Challenger overdue in Mexico

gne in prog

Well-Known Member
That explains it ...

"The captain reported that he had a total of 12 to 14 hours of total flight time in the airplane type, including the time he trained in the simulator. The copilot would have had close to the same hours as the captain given that they attended flight training together. Neither flight crew member would have met the minimum flight time requirement of 25 hours to act as pilot-in-command under Part 135. The accident flight was conducted under Part 91, and therefore, the 25 hours requirement did not apply to this portion of their trip. Nevertheless, the additional flight time would have increased the crew's familiarity with the airplane and its limitation and likely improved their decision-making during the unstabilized approach. "
I don’t think it does explain it.
 

GypsyPilot

Well-Known Member
Oddly, people who fly Aspen / DMA (Designated Mountainous Airport) service at the Whiz are also...special.
I only did it when it was limited to the DEN base, but in total I flew ASE about 4 years in both seats. Not sure what you mean by “special”, but I thought the crews were awesome! My CAs were almost all super chill, excellent pilots, and very fun to fly with. When I became an ASE CA, my FOs were also very sharp and also a lot of fun to be around. It was without question the best place/most fun place to be at SkyWest at the time.

I also ended up with quite a few good interview stories, both operational and customer service. I certainly was glad to have a door, some of the PAX were indeed “special”. By far the worst one were the tourists who thought they were someone important but weren’t. Almost all of the locals were great, and very understanding when we ended up diverting GJT (which was frequent).
 

Crop Duster

E pluribus unum
The Aspen crash was because the charter client came to the cockpit and told they crew they had to land, despite aircraft ahead of them missing their approaches, and night falling. The client was hosting a dinner party, and landing at alternate Rifle would make them late. This had nothing to do with “slight of hand” - it was an • client that exerted pressure on the crew.
Um. Ok. You do understand that's precisely what overly-hungry / under-qualified crews tend to do, right? Succumb to pressure.
 
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Crop Duster

E pluribus unum
Has that ever happened? I used to fly the CRJ 700
into some pretty bad ice in the mountains, and never saw (during post-flight walkaround) or felt (during flight) ice collect on the tail.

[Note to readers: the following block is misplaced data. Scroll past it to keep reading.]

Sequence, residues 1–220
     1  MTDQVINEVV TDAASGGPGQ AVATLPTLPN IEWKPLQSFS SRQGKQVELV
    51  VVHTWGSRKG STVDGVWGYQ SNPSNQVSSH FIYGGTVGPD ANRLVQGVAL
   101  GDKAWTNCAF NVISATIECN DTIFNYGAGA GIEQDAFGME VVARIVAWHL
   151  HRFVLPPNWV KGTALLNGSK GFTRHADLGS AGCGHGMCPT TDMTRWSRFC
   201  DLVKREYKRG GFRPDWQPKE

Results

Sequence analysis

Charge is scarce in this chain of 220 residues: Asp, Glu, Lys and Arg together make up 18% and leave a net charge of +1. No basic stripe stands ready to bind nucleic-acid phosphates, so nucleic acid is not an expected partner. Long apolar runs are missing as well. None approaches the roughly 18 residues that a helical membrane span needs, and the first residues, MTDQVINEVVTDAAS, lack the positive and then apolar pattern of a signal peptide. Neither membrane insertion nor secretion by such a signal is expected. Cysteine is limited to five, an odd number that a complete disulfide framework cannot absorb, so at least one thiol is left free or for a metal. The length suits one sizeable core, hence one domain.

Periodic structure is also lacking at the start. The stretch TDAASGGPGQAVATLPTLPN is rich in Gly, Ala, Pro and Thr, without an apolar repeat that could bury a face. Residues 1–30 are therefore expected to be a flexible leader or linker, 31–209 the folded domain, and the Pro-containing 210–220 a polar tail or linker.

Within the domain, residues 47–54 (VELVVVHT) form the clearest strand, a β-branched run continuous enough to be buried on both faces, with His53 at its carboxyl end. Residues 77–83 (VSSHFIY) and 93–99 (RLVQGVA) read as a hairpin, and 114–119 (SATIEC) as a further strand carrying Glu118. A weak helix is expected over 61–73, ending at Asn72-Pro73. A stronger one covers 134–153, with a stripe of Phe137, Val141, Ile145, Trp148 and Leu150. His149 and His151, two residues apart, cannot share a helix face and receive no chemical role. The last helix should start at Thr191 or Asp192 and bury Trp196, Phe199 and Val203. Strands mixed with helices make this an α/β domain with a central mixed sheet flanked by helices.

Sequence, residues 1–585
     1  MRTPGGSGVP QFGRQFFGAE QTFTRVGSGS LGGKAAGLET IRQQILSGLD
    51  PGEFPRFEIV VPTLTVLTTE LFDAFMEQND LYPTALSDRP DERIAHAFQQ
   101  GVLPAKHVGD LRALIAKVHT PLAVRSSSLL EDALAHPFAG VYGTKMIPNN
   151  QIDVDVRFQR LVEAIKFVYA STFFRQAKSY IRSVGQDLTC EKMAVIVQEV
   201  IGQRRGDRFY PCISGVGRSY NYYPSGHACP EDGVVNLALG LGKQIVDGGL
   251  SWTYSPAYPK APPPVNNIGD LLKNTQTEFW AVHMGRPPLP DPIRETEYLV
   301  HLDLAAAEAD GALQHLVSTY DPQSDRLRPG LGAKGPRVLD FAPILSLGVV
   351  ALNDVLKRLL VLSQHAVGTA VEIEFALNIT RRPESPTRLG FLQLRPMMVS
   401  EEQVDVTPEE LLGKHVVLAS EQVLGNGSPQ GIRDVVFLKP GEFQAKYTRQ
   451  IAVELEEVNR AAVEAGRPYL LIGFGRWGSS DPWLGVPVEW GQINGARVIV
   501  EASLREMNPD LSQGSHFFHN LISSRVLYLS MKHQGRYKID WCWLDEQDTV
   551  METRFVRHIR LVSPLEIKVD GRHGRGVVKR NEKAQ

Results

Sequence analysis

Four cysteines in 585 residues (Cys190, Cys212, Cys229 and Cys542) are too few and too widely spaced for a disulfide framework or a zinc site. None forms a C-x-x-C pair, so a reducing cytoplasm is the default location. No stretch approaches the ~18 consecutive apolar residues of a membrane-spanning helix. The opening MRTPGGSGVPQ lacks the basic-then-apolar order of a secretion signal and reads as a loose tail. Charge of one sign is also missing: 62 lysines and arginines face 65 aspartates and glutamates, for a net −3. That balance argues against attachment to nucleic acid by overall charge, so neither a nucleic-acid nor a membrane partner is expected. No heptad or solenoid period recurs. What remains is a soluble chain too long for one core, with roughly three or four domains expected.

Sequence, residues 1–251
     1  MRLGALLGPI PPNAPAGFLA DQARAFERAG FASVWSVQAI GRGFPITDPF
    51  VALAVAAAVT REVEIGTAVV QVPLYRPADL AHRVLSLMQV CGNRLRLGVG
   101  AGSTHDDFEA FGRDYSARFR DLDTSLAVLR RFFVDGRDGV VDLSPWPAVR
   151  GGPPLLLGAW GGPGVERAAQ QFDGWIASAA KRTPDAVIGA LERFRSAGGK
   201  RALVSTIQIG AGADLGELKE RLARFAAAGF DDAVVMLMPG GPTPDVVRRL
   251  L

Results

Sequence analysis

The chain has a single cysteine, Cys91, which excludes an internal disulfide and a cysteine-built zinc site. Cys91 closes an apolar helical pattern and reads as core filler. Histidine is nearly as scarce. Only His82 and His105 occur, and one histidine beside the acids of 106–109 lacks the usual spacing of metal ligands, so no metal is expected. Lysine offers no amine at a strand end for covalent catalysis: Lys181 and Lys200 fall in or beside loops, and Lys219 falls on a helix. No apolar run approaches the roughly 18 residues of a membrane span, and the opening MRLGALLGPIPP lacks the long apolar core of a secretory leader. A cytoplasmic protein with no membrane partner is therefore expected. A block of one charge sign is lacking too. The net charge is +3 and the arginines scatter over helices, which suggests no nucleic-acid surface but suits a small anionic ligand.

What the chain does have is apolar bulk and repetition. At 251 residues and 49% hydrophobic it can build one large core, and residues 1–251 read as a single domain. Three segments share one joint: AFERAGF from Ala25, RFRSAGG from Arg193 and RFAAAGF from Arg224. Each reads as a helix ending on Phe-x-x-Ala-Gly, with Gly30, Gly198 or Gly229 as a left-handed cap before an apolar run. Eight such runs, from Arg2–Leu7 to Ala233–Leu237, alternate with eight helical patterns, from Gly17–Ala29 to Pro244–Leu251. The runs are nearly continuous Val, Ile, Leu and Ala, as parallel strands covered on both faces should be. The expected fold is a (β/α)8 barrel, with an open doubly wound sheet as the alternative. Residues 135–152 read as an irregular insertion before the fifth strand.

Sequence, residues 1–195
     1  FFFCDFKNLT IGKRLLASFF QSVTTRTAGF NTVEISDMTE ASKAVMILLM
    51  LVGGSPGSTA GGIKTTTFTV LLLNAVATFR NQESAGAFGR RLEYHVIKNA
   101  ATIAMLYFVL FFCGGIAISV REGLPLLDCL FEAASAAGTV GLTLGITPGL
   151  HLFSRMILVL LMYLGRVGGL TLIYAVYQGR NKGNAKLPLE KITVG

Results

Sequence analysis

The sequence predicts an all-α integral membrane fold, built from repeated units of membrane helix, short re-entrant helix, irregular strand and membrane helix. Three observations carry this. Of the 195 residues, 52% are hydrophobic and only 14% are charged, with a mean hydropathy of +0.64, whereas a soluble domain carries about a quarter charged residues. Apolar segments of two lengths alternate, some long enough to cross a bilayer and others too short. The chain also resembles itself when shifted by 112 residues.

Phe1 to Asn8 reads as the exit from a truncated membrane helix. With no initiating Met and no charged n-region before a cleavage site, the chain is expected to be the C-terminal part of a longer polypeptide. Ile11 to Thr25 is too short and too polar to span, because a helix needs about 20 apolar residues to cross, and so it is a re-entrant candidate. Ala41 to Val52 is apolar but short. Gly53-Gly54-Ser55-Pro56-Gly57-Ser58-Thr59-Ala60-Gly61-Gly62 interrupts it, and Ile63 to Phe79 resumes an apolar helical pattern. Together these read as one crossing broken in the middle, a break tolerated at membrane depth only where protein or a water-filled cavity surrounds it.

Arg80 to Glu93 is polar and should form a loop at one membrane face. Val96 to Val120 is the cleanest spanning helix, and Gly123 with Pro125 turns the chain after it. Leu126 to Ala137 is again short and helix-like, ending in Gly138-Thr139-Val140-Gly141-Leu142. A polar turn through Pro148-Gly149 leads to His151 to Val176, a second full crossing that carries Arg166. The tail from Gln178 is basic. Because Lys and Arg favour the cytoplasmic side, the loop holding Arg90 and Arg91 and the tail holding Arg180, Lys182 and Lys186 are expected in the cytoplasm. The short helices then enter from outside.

A deep stall is definitely something that can happen with those challengers though.
It should be noted that the good news about deep stalls is that they are always preceded by shallow stalls (with the exception of canard designs).
 

CFI A&P

Exploring the world one toilet at a time.
Man those altitude changes between the middle 3 too... definitely not light chop
Those are some serious variations for that altitude and that airframe.

My last airplane had a service ceiling of FL510. However it would only ever get there with fumes in the tanks & no interior. Most days it would go to FL430, and only a few occasions did we go to FL470 to top weather.

My current ride goes to FL450, and it does it very well. Often times it’ll go sea level to four-fife-oh in 25 minutes with about 500fpm-1000fpm towards the end. In either airplane I’d need new underwear if it was doing 4,000fpm through the ceiling of FL450.


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sweeps

Undercarriage Acuator
Those are some serious variations for that altitude and that airframe.

My last airplane had a service ceiling of FL510. However it would only ever get there with fumes in the tanks & no interior. Most days it would go to FL430, and only a few occasions did we go to FL470 to top weather.

My current ride goes to FL450, and it does it very well. Often times it’ll go sea level to four-fife-oh in 25 minutes with about 500fpm-1000fpm towards the end. In either airplane I’d need new underwear if it was doing 4,000fpm through the ceiling of FL450.


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What’s your current ride, GIV? Haha. Also which one was going to 51 on fumes? A Lear?